The Case For Reparations By Ta-Neehisis Coates Analysis

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Last year, Ta-Nehisis Coates’ Atlantic article “The Case for Reparations” threw a national spotlight on a debate and movement that has been ongoing, yet for the large part unseen, for more than 150 years. Reparations suddenly became a topic of national debate, which like most things today focused on the merits of the idea versus proposing any real solutions to the issues. Coates’ article is no different, offering a litany of offensives without proposing any real solvency to the issues that have oppressed the black community in America for the past several hundred years. In the article, Coates maintains that social, economic, and political injustices against blacks have compounded over the years: “Two hundred fifty years of slavery. Ninety years of Jim Crow. Sixty years of separate but equal. Thirty-five years of racist housing policy.” He argues that even though slavery and segregation ended, these inequities have crippled many black communities and left them on an uneven playing field—only reparations can even this field. In his 15,000-word treatise, Coates uses many pieces of evidence to validate his case for reparations. Primarily, Coates focuses on three rifts to stake his claim. Initially, Coates highlights the…show more content…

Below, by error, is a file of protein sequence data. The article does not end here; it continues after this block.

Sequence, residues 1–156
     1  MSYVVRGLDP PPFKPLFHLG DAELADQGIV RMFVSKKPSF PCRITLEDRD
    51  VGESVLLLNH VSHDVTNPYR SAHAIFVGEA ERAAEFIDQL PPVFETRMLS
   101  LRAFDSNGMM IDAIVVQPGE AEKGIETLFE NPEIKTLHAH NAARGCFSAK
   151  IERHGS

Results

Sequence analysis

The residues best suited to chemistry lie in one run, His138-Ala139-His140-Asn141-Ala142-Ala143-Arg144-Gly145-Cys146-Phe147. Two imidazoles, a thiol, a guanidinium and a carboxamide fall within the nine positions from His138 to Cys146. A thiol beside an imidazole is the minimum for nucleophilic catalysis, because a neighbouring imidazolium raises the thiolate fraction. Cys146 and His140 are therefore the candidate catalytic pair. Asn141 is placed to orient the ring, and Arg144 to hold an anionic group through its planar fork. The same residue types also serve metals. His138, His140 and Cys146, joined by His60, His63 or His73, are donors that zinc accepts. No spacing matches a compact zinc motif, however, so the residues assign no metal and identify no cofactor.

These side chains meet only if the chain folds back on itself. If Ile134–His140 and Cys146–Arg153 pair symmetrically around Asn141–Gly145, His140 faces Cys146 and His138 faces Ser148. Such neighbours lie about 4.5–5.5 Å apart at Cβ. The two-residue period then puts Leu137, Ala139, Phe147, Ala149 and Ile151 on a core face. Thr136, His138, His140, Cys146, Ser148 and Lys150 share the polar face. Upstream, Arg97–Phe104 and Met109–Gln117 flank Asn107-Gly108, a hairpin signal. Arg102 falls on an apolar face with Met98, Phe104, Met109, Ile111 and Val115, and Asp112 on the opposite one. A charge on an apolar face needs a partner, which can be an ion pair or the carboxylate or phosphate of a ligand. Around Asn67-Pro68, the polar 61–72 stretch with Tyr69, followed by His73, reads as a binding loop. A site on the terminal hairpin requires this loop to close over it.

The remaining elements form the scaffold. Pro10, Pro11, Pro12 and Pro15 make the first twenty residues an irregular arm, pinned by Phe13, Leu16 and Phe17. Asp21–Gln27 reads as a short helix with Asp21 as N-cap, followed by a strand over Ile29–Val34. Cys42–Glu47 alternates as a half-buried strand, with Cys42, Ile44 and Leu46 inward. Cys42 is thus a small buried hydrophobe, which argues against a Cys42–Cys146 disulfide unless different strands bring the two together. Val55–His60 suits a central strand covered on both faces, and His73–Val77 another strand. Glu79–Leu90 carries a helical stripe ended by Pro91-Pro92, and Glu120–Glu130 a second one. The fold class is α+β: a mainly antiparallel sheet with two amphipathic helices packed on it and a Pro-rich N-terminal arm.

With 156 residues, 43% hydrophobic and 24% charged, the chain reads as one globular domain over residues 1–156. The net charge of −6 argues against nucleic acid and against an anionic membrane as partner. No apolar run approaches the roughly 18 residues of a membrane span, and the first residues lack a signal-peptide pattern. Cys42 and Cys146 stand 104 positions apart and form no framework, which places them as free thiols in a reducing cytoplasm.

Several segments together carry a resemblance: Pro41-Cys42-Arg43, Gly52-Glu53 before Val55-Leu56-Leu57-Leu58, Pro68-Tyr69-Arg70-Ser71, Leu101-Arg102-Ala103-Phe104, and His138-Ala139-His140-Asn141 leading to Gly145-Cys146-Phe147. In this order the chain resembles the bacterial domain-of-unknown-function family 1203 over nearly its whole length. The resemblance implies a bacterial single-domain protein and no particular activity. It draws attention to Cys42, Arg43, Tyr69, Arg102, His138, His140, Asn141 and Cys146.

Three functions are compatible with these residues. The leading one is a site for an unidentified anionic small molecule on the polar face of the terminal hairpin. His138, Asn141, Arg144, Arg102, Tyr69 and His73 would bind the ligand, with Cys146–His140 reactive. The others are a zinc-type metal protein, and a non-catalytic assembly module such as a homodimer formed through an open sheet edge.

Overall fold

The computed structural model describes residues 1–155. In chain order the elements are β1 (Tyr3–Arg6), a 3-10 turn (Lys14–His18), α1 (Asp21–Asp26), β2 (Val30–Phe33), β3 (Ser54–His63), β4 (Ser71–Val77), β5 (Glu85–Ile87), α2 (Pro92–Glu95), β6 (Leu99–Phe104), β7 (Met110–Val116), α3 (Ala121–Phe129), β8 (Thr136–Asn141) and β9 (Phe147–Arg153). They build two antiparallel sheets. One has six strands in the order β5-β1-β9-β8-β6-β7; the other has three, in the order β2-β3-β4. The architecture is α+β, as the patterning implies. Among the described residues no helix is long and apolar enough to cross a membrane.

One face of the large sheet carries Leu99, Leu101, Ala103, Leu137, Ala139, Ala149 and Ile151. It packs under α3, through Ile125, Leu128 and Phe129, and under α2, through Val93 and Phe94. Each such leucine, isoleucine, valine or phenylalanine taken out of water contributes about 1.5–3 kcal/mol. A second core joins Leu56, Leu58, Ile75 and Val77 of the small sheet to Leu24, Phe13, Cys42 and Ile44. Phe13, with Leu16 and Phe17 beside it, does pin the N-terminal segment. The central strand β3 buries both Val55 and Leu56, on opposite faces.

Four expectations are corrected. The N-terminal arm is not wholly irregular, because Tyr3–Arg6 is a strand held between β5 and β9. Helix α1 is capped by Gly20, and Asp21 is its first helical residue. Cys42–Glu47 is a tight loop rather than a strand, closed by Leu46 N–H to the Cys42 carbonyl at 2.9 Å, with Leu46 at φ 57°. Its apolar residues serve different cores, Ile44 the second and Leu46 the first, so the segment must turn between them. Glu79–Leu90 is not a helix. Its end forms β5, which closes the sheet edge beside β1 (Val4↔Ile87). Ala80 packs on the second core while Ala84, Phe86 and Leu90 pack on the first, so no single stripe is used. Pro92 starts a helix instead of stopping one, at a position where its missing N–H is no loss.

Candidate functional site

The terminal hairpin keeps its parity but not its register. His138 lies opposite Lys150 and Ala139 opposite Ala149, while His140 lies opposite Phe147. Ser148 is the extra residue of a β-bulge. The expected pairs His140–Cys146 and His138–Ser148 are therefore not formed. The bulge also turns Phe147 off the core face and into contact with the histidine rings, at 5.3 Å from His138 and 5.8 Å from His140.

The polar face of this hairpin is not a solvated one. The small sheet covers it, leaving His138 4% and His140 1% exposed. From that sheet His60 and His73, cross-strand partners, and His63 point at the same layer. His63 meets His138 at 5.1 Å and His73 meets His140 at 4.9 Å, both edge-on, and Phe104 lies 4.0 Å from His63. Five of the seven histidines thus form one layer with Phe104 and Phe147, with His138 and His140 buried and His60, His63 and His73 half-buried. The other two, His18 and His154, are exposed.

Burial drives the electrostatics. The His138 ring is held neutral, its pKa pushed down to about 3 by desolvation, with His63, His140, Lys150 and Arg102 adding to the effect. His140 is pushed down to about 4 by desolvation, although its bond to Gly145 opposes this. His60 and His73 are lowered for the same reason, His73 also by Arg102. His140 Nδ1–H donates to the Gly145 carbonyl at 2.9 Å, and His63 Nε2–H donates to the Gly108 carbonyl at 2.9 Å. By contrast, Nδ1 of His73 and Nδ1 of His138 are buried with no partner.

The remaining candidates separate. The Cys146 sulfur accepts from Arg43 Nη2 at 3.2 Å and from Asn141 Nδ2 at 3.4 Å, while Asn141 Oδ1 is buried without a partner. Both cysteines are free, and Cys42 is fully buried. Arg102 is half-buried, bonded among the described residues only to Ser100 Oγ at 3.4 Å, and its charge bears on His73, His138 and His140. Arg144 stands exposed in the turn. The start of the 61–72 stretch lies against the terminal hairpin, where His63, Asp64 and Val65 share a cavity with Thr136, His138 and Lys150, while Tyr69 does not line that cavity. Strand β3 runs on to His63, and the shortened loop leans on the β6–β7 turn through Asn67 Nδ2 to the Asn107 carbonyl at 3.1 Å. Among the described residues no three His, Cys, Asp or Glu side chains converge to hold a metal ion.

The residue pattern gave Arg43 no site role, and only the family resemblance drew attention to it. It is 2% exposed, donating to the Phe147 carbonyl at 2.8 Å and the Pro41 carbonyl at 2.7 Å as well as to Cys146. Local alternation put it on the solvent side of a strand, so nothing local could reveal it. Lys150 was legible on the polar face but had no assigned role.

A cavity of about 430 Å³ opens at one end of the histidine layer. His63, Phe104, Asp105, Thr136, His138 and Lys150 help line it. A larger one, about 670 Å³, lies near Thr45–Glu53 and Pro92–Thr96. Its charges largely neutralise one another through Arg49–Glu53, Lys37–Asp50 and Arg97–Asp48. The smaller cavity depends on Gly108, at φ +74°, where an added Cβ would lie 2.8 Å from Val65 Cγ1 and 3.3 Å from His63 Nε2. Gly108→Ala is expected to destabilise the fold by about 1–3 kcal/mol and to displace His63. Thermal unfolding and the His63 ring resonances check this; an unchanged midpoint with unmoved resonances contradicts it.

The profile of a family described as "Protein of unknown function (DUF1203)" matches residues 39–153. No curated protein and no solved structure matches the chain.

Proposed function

His argument is substantive in outlining the plight of black Americans; however, he is anything but substantive in offering any means by which the current inequities can be truly addressed. Unlike Robin Kelley, who in his article “For Reparations and Transformations” suggests that reparations come in the form of entitlement programs, education and investment in “historically black ghetto communities.” Coates offers the issues and Kelley the possible solutions. However, are these solutions
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